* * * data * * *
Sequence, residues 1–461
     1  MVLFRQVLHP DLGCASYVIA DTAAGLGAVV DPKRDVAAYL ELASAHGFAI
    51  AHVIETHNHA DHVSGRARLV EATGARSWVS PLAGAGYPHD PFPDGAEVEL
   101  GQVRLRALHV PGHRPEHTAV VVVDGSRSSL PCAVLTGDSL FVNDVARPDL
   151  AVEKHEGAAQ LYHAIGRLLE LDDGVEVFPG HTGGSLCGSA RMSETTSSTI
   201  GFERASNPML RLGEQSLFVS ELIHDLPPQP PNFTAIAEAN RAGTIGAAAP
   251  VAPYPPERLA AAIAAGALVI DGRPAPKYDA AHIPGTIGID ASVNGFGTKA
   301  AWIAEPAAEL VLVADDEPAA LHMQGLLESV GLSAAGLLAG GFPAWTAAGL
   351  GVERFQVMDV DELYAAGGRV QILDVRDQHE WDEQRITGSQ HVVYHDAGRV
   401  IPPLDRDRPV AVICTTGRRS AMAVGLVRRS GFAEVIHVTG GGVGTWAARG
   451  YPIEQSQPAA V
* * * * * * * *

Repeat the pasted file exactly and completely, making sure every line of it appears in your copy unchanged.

Sequence, residues 1–461
     1  MVLFRQVLHP DLGCASYVIA DTAAGLGAVV DPKRDVAAYL ELASAHGFAI
    51  AHVIETHNHA DHVSGRARLV EATGARSWVS PLAGAGYPHD PFPDGAEVEL
   101  GQVRLRALHV PGHRPEHTAV VVVDGSRSSL PCAVLTGDSL FVNDVARPDL
   151  AVEKHEGAAQ LYHAIGRLLE LDDGVEVFPG HTGGSLCGSA RMSETTSSTI
   201  GFERASNPML RLGEQSLFVS ELIHDLPPQP PNFTAIAEAN RAGTIGAAAP
   251  VAPYPPERLA AAIAAGALVI DGRPAPKYDA AHIPGTIGID ASVNGFGTKA
   301  AWIAEPAAEL VLVADDEPAA LHMQGLLESV GLSAAGLLAG GFPAWTAAGL
   351  GVERFQVMDV DELYAAGGRV QILDVRDQHE WDEQRITGSQ HVVYHDAGRV
   401  IPPLDRDRPV AVICTTGRRS AMAVGLVRRS GFAEVIHVTG GGVGTWAARG
   451  YPIEQSQPAA V